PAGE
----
- Danielle Desir bought a house in her twenties and “hacked into the house” to pay her mortgage and achieve her other financial goals.
- She soon noticed that her house was eating up her savings with one-time emergency expenses.
- Now she keeps at least $1,000 in a home emergency fund specifically for these expenses.
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Entrepreneur Danielle Désir didn’t want to choose between paying off her student loans, traveling to 27 countries and buying her first house – so she did it all before she was 30.
Desir comes from a household of women who valued personal finance. “My mom is an accountant. My grandma is a group saver,” she told Insider. Her family thought it was important for Desir to get a head start financially, so they helped her open her first retirement account at age 15 and invest in her first mutual fund at 17 years.
To save money after college, Desir moved back in with her family. She was grateful for their support, but was looking forward to buying her first home. Once she saved up enough money for the down payment, Desir closed a four-bedroom house in Connecticut.
Desir tells Insider that she “hacked into her house,” asking a few roommates to rent out the rooms so she could make monthly mortgage payments while meeting her goals of traveling and paying off student loans.
‘House-hacking’ allowed him to build up an emergency fund for his home
Like other first-time buyers, Desir was surprised by the random expenses eating into her savings. She had to replace the fuel tank in her old house for $3,000. At one point, there were huge wasp nests in her garden and Desir had to pay hundreds to get rid of them.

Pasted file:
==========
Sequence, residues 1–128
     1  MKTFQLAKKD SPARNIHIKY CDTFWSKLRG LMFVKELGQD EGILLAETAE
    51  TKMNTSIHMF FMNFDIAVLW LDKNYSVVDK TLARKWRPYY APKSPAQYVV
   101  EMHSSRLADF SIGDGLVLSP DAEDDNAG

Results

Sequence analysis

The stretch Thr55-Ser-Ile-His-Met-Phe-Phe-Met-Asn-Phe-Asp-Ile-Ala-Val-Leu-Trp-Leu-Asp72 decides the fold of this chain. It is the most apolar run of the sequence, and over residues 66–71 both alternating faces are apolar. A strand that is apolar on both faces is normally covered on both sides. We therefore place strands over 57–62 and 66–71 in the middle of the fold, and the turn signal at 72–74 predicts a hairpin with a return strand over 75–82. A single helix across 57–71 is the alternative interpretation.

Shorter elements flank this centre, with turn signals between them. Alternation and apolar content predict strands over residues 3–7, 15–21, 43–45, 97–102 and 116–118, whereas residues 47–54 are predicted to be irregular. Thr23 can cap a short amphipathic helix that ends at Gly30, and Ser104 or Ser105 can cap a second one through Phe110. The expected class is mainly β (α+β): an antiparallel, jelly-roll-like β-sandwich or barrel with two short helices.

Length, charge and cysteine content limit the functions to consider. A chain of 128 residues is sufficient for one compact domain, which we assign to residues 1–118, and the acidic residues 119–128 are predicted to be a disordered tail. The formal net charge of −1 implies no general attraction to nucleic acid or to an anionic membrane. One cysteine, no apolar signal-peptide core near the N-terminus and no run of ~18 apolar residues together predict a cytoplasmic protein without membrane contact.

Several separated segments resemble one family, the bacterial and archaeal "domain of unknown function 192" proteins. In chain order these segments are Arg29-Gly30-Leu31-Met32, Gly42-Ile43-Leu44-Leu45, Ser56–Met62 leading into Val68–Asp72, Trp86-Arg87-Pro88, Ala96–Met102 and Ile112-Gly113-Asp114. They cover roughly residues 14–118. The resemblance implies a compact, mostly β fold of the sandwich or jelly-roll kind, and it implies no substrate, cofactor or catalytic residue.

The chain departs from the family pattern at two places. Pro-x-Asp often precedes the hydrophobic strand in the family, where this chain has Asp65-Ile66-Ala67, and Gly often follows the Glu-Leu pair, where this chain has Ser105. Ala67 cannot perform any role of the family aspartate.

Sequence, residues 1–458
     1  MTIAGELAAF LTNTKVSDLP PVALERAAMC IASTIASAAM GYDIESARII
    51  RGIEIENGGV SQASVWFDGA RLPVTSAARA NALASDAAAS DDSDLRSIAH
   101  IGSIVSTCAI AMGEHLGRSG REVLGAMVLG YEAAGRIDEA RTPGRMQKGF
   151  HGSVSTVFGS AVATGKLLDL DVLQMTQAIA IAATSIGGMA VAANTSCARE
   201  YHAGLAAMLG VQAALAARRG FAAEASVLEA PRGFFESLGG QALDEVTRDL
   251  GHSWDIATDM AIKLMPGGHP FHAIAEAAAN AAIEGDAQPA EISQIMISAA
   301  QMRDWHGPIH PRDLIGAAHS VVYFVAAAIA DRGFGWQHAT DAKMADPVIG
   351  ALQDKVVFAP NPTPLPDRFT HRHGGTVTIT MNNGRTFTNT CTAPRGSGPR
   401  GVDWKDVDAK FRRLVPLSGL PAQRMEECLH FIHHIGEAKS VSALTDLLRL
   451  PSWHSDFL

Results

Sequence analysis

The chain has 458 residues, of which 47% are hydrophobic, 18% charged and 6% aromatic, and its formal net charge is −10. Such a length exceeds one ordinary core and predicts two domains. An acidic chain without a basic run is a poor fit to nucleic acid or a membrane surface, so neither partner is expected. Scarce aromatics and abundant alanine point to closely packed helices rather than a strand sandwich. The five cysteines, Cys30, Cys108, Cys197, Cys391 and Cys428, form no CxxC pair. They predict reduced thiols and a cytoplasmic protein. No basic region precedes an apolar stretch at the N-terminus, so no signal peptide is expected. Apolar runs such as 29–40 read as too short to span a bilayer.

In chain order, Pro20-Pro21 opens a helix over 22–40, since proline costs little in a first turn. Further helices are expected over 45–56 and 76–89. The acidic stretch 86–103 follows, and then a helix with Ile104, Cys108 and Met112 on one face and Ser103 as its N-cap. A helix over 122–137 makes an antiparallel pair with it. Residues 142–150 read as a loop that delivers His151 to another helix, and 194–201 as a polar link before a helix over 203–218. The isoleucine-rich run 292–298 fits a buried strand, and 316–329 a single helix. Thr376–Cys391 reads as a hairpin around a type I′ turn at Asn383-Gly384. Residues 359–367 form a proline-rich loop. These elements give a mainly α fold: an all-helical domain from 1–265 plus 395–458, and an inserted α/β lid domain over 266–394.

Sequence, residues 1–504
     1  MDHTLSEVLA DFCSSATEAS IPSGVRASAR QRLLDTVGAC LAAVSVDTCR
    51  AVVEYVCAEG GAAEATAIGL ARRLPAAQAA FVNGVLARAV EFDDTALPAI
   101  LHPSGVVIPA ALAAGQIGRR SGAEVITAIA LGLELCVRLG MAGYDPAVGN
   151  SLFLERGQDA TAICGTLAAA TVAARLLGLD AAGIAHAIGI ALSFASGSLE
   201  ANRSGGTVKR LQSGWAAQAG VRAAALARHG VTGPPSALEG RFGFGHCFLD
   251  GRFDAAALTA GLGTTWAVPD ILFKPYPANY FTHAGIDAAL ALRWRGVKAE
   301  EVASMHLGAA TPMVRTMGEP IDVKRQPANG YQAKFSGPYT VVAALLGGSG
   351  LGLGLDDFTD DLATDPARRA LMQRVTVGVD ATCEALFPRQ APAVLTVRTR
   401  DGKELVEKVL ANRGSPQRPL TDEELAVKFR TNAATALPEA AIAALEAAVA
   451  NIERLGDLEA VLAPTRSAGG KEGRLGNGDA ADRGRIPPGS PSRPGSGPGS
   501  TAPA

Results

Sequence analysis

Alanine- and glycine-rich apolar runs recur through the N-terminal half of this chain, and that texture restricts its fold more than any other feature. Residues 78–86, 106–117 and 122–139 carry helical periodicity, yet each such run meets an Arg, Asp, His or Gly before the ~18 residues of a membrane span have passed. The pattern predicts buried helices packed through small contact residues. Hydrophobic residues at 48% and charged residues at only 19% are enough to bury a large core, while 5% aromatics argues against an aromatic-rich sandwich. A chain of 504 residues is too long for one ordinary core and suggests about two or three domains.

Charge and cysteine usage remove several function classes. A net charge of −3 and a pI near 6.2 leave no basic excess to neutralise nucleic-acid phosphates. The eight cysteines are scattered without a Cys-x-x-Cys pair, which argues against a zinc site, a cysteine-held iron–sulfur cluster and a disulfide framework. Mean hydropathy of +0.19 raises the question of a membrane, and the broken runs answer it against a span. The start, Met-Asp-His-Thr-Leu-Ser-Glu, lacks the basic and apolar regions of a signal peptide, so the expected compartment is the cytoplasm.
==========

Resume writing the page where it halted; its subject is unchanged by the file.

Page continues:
“A lot of things went wrong when I moved in,” Desir says. “I had repairs to do. It was just anticipation of new bills that I didn’t even know were coming.” Having an emergency fund just for her home gives her peace of mind that she can take care of her home on short notice.
Typically, an emergency fund refers to three to six months of living expenses kept in an easily accessible high-yield savings account to use in an emergency. Along the same lines, a home emergency fund is a savings account specifically designed for home-related emergencies.
Desir keeps at least $1,000 in a home emergency fund
Apart from things like the fuel tank which badly needed fixing, Desir also had ambitious plans to renovate and modernize parts of his house. She had to be careful not to dip into her house’s emergency fund to make these renovation efforts, even though it was tempting.
The house emergency fund is only for emergencies and things that need occur in order to keep the house livable. For example, buying a new faucet on a whim for cosmetic reasons is not an emergency, but hiring a plumber to fix a leaky faucet that may cause greater damage to the home can be funded from the fund. home emergency.
Desir says, “I started my house’s emergency fund with $1,000 so that if anything happens, I have something to pull out.” Now that she’s had a few years to tweak her system, she’s taken it up a notch: her home emergency fund remains at $5,000.